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Bitterwater Valley, located at the base of the Diablo Range mountains on a crucial earthquake, San Andreas Fault, was once the primary habitat of the giant California condors. Around 1946, DDT poison was introduced throughout that area to kill coyotes, prairie dogs, mountain lions, and other animals that ate crops or posed a threat to ranch or farm animals. As the condors ate the animals killed by DDT, they too vanished. Note that this is not the problem with DDT. DDT has a relatively low toxicity to animals is not used for that purpose. The preferred agent is strychnine and it is used in grains to poison ground squirrels or meat to poison predators which leads to its consumption by birds which are then consumed by carnivores and in turn consumed by birds of prey along with the poisoned squirrels. The reason DDT is insidious to birds is it affects their ability to metabolize calcium resulting in fragile eggs which seldom hatch. DDT makes it into the food change the same way as strychnine in that the insects and fish that are killed by it end up being consumed by any animal scavenging for food.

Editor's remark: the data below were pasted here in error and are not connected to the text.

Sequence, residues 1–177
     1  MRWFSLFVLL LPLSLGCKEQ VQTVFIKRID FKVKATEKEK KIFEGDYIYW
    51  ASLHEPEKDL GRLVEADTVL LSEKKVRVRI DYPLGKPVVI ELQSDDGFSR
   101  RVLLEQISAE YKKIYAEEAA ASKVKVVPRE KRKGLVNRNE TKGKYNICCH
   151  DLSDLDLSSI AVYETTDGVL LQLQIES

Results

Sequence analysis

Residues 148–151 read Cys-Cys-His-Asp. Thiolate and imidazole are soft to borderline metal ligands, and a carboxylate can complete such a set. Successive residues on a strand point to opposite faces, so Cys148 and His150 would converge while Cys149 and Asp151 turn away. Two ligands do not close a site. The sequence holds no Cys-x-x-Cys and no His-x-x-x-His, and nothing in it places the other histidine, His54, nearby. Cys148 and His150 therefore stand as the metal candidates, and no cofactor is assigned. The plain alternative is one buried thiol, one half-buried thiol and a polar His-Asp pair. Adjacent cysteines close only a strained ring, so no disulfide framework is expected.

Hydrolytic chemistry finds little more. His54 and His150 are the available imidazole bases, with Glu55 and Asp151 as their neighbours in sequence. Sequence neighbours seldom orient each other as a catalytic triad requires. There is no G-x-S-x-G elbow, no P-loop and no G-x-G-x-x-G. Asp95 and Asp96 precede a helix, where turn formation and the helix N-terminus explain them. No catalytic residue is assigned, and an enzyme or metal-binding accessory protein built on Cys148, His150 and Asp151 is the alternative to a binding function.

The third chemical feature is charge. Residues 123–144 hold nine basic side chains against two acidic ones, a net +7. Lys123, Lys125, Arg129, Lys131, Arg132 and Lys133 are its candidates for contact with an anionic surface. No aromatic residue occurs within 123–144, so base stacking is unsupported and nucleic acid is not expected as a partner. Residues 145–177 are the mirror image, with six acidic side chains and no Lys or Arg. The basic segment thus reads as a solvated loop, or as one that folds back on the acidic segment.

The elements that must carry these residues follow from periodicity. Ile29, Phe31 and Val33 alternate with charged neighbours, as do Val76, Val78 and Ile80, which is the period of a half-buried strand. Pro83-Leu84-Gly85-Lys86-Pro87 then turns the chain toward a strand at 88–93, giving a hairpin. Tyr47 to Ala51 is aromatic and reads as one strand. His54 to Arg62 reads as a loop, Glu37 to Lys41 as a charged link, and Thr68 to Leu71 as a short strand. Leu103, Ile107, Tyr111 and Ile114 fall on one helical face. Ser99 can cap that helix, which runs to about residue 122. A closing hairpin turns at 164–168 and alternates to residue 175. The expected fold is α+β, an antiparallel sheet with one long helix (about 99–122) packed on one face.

But as humans decimated the California Condor, they realized this and changed tactics. Now the Bitterwater Valley in California is home to many condors. No prairie dogs exist in Bitterwater but the digger squirrel is very pervasive in the area, as well as coyote, California badger, redtail hawks, and wild turkey.
Bitterwater valley was discovered by Edward Calhoun Tully during a sheep drive from Chihuahua Mexico to San Francisco California in the mid to late 1800s.